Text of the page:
The "ASTRA" Museum of Transylvanian Civilisation (Romanian: Muzeul Civilizaţiei Transilvane "ASTRA") was conceived as the keeper and the developer of the ASTRA Museum's collections. At its closure, some of its collections, numbering over 50,000 items out of which over 15,000 were in the ethnographic collection, were passed over to the Brukenthal Museum. In the period before 1990, all the ethnographic collections were organised under the Folk Art Section. After the creation of the Museum of Traditional Folk Civilization, these collections were handed over to the new museum, and in 1993 the Museum of Transylvanian Civilisation was established to present the Transylvanian culture and civilisation in an inter-ethnic and interdisciplinary vision.
The museum contains a collection of over 40,000 items, out of which almost 10,000 are recorded under the classification A, for most valuable. The collection contains clothing, textiles, pottery, religious objects and other items made of wood, iron or bone. They are organised in the museum's building, situated in the city centre in the Small Square. A new step in the museum's evolution is planned after the move to its new establishment in the ASTRA Palace, which is now occupied by the Sibiu County Library. The museum plans to extend its collections so that it can better present the civilisation from Transylvania as a European region, in which many ethnic groups have coexisted.
The "Emil Sigerus" Museum of Saxon Ethnography and Folk Art (Romanian: Muzeul de Etnografie şi Artă Populară Săsească "Emil Sigerus"; German: Das Museum der sächsischen Volkskunde und Volkskunst "Emil Sigerus") was established in an attempt to fill a gap, presenting the role of the Transylvanian Saxons ethnic group in Transylvanian and Romanian culture. The museum's collections are based around those from the Carpathians Transylvanian Museum or MSVK opened in 1895 by the Siebenbürgischer Karpatenverein association. The first exposition was inside the Museum of Natural History building and was organised around the collection of Emil Sigerus, the most important collector of Transylvanian Saxon Folk Art at the end of the 19th century. In 1920 the museum's collections were included in the Brukenthal Museum and they were displayed in a new space inside the Brukenthal Palace; from 1950, they were included in the Folk Art Section.
After the establishment of the new Museum of Traditional Folk Civilization in 1990, the Saxon collections were given over to the new establishment along with all other ethnology-related collections. In 1997, the Emil Sigerus Museum was opened in a building adjacent to the Franz Binder Museum in the Small Square. After the end of the restoration project restoring the The House of the Arts in the Small Square, the museum will have a more appropriate space to exhibit its collections of over 2,700 ceramic pieces, including the permanent exposition of decorative tiles, over 4,000 objects in the classifications of costumes, textiles and embroideries and over 400 wooden, metal, or bone objects out of which over 150 are painted furniture items.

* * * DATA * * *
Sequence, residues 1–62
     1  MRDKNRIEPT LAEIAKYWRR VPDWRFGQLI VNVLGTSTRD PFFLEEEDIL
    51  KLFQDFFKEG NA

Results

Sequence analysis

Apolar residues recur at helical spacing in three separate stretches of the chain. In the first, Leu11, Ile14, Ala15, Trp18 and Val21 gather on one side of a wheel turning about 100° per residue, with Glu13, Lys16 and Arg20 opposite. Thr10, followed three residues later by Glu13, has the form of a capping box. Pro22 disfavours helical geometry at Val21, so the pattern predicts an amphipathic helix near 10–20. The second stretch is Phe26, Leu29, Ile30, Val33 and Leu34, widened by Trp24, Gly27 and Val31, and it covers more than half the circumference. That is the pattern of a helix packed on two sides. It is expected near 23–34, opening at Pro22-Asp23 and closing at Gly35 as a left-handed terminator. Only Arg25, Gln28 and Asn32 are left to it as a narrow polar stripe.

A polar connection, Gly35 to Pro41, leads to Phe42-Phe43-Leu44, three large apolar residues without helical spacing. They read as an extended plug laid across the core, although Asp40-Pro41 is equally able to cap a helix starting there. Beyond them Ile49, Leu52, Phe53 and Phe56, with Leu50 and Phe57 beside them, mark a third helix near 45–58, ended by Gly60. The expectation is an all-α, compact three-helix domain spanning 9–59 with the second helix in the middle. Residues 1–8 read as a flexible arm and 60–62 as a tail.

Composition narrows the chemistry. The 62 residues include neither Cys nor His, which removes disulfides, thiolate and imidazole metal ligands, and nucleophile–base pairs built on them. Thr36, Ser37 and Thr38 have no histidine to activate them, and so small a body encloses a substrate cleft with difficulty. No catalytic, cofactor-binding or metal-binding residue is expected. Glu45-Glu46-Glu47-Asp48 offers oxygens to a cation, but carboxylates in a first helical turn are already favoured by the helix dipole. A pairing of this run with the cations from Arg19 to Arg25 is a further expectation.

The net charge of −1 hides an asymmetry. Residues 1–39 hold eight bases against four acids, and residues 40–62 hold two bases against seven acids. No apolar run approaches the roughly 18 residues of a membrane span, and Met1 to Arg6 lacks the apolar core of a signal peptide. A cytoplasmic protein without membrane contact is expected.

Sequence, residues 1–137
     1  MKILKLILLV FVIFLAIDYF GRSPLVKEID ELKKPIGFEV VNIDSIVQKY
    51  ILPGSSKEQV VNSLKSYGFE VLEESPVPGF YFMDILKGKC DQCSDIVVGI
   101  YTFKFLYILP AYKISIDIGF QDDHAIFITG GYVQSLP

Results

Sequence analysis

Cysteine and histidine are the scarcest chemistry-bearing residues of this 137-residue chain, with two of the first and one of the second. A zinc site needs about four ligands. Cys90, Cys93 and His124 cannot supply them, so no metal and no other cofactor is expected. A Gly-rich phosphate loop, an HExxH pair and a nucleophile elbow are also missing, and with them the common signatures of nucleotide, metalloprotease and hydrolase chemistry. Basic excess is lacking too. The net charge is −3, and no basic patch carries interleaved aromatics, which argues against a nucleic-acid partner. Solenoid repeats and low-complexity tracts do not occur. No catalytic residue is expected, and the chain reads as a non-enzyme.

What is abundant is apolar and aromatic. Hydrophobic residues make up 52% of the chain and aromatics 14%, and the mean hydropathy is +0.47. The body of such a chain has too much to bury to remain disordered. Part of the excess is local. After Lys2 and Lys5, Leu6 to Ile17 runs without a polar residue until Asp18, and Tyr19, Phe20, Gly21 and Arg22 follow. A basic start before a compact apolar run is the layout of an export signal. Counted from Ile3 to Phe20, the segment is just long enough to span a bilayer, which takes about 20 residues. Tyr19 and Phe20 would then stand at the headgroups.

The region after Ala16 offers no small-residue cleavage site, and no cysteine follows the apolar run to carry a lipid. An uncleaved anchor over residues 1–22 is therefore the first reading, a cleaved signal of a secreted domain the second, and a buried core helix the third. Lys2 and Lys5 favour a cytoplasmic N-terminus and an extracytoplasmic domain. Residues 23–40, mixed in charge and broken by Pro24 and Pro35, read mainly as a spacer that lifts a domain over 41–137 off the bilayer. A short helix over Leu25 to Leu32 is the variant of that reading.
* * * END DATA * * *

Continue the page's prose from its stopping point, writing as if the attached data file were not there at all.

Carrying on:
Besides the four museums, the "ASTRA" National Museum Complex contains a series of other departments related to its activity:The Cornel Irimie Memorial Cabinet contains the personal collection of the founder of the Museum of Folk Technology and also the foremost personality in the field of ethnological and rural sociological studies to have worked in the Sibiu's Museums.
The Information and Documentation Center groups together the museum's library, archive and publishing house.
The "ASTRA" Film Studio is specialised in documentary film production. It evolved from the museum's audio-visual department. It organises a biennial documentary film festival, an important one in the Central and Eastern Europe.
The Conservation and Restoration Department handles over 60,000 items in the museum's patrimony.
One of the most important projects of the museum complex is the opening of a new museum named The Museum of Culture and Civilisation of the Romany. This project is attempting to bring together cultural artifacts of the Roma people (also known as Romanys), the only significant ethnic group in Romania that does not have yet have a museum.
In 2007, Sibiu was, along with Luxembourg, the European Capital of Culture. The museum organised a series of events to promote the Folk Traditions in Romania.